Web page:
Politicians affiliated with Russian interests in Ukraine are no longer within Ukraine's borders but have sought refuge abroad, particularly in Vienna and Moscow, according to Olexiy Danilov, Secretary of the National Security and Defense Council (NSDC).
"Groups associated with Russians have either settled in Vienna, where certain 'prominent' figures with direct connections to Russians have long established themselves, or in Moscow, where individuals are directly tied to the FSB," Danilov said in an interview with Ukrayinska Pravda.
While he refrained from disclosing all the names within these groups, he did mention notable figures such as Vladimir Sivkovich, a politician from the era of the former president Viktor Yanukovych, along with the Klyuev brothers, Serhiy and Andriy, who were also associated with Yanukovych.
"They were and, to some extent, apparently, are still hostages. During a period when they initiated contact with certain individuals from the Russian Federation, it's important to recognise that a significant number of these individuals were affiliated with military insignias and positions," Danilov explained.
"This created a breeding ground for blackmail and subsequent processes, such as entering into joint business ventures or collaborative projects," he added.
He clarified that the full roster of names would become more apparent after the end of war. But the politician also believes that for Russia, influence on Ukraine will always be on the agenda.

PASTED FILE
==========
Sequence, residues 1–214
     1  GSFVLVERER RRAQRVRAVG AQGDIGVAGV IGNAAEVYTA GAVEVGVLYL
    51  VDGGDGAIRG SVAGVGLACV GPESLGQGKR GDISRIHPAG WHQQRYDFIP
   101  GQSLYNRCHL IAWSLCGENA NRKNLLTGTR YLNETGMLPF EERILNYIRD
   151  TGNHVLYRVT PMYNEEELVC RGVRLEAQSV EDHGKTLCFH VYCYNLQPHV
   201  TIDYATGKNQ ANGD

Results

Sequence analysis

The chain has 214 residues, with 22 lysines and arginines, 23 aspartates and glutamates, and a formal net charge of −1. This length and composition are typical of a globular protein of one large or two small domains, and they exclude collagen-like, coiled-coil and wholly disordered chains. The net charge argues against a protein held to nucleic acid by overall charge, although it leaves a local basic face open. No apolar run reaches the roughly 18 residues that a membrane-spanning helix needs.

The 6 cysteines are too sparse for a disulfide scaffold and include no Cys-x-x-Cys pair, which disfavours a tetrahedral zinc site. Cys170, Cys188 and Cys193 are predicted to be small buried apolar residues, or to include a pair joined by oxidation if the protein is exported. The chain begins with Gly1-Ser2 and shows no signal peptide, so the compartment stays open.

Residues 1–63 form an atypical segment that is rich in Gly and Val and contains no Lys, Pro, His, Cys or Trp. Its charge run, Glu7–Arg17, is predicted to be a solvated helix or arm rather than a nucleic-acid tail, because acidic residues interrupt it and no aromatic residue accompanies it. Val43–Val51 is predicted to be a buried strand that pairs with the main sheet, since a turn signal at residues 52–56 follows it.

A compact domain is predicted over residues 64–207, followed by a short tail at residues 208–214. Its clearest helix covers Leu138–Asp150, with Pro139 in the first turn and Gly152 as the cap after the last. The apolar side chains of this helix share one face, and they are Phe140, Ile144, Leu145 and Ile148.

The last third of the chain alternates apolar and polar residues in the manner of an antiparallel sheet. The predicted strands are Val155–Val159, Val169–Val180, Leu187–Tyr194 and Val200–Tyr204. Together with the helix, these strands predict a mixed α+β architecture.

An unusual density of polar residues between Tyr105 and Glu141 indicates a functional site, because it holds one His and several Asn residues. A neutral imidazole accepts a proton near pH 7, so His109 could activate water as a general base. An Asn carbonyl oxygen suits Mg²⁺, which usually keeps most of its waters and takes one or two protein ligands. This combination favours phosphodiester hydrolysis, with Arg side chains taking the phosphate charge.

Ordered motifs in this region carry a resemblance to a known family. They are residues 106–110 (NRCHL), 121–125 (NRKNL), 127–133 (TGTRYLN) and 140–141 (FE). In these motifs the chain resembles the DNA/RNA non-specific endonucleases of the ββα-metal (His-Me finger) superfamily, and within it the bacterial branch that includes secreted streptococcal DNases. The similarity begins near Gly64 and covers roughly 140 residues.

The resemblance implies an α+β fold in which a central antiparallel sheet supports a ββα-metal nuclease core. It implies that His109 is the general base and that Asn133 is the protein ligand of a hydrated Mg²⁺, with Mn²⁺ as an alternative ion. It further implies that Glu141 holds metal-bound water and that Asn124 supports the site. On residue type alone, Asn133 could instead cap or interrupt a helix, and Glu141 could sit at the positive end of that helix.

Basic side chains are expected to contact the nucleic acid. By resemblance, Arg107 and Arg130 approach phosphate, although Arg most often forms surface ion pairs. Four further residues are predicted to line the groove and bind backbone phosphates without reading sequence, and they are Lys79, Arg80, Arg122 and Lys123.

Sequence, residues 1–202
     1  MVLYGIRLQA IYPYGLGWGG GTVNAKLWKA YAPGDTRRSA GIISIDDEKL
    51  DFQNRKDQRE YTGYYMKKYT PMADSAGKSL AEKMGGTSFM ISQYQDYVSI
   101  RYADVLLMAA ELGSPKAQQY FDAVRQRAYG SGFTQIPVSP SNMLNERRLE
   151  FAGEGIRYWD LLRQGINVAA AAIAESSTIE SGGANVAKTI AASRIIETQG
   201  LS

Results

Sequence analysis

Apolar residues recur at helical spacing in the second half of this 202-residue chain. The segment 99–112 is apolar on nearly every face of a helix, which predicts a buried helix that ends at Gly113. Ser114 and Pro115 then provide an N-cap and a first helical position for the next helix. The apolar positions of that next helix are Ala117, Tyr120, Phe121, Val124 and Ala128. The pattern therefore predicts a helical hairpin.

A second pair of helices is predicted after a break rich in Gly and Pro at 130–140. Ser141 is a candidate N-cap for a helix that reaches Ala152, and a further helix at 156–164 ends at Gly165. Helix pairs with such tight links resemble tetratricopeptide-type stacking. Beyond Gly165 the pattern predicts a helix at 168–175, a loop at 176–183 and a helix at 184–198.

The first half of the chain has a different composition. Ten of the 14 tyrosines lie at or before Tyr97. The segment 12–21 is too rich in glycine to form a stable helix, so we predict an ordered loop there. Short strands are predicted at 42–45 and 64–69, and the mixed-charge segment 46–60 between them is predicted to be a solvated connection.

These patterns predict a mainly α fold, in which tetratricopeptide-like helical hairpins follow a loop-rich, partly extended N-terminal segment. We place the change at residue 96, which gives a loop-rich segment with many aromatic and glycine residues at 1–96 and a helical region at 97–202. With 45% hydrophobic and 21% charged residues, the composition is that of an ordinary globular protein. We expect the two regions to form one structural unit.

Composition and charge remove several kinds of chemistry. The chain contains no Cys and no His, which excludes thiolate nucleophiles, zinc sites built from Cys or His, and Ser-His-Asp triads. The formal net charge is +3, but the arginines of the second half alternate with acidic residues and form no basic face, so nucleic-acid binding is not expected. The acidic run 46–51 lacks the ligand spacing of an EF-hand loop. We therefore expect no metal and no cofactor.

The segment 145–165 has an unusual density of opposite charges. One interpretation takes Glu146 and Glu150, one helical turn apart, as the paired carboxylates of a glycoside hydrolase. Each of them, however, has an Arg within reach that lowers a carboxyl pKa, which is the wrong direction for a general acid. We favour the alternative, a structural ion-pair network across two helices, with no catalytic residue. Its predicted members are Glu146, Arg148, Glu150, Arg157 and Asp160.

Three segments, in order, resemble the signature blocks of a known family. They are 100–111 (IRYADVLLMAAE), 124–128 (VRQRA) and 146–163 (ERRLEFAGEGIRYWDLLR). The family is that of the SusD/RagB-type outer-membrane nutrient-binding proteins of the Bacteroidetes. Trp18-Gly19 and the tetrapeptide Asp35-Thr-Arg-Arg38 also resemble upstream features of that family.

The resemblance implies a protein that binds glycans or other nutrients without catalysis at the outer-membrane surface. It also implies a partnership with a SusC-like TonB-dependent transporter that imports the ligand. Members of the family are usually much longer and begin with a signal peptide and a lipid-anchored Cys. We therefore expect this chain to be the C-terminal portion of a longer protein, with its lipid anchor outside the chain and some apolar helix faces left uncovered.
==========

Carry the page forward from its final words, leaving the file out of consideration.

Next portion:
Addressing the matter of Andriy Portnov, a former adviser to Yanukovych and pro-Russian politician, who has not yet faced Ukrainian sanctions, Danilov attributed this to the absence of requisite documentation from relevant authorities.
"We operate exclusively based on documented evidence. In the absence of proper documentation, whether pertaining to Portnov or any other individual, emotions cannot serve as a basis for decision-making. We require substantiated documents," the NSDC Secretary affirmed.
Danilov also commented on rumors about the possible holding of parliamentary elections in the near future, despite martial law. He noted that it is not possible to make sure that everyone can vote.
"The state should ensure that all citizens, without exception, participate in the electoral process. It is difficult for me to imagine how the guys who are now near Bakhmut, who are now on other sectors of the front, will vote."
"How do they physically do this? And if they don't vote, then it's not fair. They protect our country. So they have to leave and go somewhere to vote or what? Who imagines it? And those citizens who are currently outside our country who have temporarily left?»
"Therefore, the authorities do not plan to "hold elections in an unfair way."
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